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Theology Thursdays: Economy And Muslims by Ali Unal


Contrary to the Weberian theory, French thinker and economist Jean Defour maintains that in the West capitalism triggered religious reforms, not vice versa. He attributes Western economic revival to the bulks of gold from America, and Christopher Columbus’ long journey to America to the changing Western worldview. He further notes that the main factor which made Luther strive for reform was his realization of the relationship between the pious Christians and the huge fortune of Jacob Fugger, a famous gold trader of the time, who could only be compared to contemporary wealthy figures such as Rockefeller and Rothschild (See, Sciences and Ideologies -- Ilimler ve Ideolojiler -- Umran Press, pp. 125-126). In this regard, we can seek the emergence of Western capitalism in the transformation of the mindset of a continent, suffering from acute famine and poverty, which only later became aware of the benefits of gold and reforms as it endeavored to base this transformation on a religious paradigm that would legitimize it.

Conversely, the Ottoman state did not experience the famine and poverty which swept through the West; contentment along with glorious welfare which astonished the Western world were commonplace in the lives of the Ottomans. Furthermore, the balance between religion and worldly life was healthy and strong; and contrary to dissenting voices, the economy was not solely based on conquests. The overall economic situation was characterized by a well-working land system, a vibrant and well-organized trade and commerce environment, mining operations, textile industry, and a flow of capital that did not condone capitalism, but was carried out through foundations and other similar charity organizations. However, while a number of internal and external factors undermined this economic system over time, the 1838 trade agreement between the Ottoman state and Western countries, and later the 1839 Tanzimat (Administrative Reforms), and the 1856 Islahat decrees ruined the overall balance, which had already been benefiting the Western world since the 18th century. Finally, the consecutive wars, internal turmoil, and the single-party period of the Republican era prevented the Muslims, whose only consideration was to make a living enough to survive, from involvement in political life as well as from economic activities. These people only had the chance to participate in the political process in the 1950s, and in economic life as late as the 1980s.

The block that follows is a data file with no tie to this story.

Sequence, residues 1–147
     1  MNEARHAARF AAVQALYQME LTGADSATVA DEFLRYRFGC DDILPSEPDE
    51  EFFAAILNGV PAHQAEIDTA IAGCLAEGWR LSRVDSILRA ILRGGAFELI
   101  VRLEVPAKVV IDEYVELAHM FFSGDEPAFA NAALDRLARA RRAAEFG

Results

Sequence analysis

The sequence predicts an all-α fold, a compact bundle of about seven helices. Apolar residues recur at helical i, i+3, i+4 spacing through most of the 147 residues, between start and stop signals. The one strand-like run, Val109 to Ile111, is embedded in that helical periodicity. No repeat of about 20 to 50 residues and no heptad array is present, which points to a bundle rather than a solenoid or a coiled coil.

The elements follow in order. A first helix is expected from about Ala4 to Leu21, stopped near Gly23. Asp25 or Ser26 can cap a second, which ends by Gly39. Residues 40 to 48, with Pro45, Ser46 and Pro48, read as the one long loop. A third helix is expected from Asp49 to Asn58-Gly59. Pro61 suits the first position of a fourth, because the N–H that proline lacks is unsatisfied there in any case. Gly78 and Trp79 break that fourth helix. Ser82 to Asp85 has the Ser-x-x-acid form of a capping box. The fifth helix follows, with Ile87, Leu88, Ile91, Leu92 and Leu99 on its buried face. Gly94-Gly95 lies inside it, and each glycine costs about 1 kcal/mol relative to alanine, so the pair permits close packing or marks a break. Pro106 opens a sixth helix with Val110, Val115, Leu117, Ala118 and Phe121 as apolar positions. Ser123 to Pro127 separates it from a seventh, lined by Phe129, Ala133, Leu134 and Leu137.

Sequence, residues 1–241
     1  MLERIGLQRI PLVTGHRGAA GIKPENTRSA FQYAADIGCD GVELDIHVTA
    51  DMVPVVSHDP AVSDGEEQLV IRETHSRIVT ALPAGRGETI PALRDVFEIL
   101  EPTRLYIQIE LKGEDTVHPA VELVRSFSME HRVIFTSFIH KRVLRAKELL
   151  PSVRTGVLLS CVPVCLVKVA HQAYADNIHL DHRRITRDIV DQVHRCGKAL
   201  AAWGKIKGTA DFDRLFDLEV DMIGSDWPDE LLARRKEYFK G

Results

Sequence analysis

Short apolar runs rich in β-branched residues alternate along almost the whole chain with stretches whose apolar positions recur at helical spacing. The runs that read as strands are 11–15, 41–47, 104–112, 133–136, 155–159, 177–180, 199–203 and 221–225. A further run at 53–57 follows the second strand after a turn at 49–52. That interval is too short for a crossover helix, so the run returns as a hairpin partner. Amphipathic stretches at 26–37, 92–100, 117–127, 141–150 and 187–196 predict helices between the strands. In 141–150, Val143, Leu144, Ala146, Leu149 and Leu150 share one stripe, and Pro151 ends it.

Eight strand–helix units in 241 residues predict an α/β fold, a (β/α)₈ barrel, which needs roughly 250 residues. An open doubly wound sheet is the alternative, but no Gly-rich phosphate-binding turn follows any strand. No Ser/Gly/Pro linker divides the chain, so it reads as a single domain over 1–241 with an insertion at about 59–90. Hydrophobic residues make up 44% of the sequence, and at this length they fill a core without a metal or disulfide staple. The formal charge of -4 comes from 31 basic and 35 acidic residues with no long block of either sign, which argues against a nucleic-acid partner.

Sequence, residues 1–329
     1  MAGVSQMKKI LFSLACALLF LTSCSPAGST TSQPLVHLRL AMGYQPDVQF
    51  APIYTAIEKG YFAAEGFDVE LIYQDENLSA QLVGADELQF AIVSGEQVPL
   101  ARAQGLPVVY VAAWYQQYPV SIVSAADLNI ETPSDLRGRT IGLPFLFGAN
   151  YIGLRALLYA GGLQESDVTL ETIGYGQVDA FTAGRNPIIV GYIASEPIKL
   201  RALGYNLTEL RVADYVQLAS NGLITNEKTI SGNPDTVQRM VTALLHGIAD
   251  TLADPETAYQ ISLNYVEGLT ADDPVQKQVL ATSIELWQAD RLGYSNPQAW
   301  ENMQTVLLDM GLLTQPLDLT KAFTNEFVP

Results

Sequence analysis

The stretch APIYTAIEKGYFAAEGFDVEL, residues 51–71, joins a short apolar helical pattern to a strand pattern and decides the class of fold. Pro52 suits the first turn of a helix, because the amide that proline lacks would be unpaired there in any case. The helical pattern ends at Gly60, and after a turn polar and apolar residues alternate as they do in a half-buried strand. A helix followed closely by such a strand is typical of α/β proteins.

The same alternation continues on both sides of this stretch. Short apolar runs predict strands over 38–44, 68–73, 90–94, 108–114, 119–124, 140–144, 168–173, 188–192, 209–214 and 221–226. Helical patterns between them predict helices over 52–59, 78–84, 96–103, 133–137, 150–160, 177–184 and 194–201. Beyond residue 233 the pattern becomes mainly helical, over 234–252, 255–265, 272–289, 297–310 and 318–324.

Islam never advocates the “bir lokma bir hirka” (own nothing but one bit to eat) philosophy; on the contrary, our religion strongly opposes it. Under Islamic precepts, the human being is God’s caliph, who is entitled to certain privileges and rights. But, by virtue of being a caliph, the human being is also required to reconstruct the world within the boundaries set by God. Learning “the names,” that is, recognizing and understanding what exists, a talent and aptitude which are needed for this reconstruction with social and physical dimensions, and of course scientific knowledge and technological advancements are, in the Quran, compared to angels praising God. For this reason, throughout history, prophets have been pioneers of both spiritual and material advancements.

In addition, Islam prefers benefiting from God’s blessings, thanking Him and fulfilling the requirements of wealth over poverty and mere patience. It requires believers detach their minds from inferior desires, not to abandon their worldly responsibilities completely. Moreover, the Quran clearly states that nobody has the right to prohibit God’s blessings and also stresses that they exist in this world primarily for Muslims, and only for Muslims in afterlife. Hence, if a Muslim does not express outrage over the pillaging of world resources and unfair distribution as if his or her own property is being looted, then he or she is not aware of the obligations imposed by Islam. Moreover, while morality constitutes religious services as well Islamic plans and programs, fulfilling these duties depends on the existence of welfare.

A Muslim has to participate in economic life, in all of its dimensions, and even direct it. However, in doing so, this Muslim should keep his or her religion, nation, country and the whole humanity in mind; and also strive to bring happiness to everyone, not only to himself or herself. Furthermore, he or she should not deviate from the righteous, just, fair, honest, trustworthy path and should not resort to lies and deceptions. Finally, he or she should always remember that the greatest service to religion is firm adherence to Islamic principles and norms.

This article appears in Zaman Daily. The author may be reached at ali.unal@zaman.com.tr


Ali Unal

Thursday, November 16, 2006

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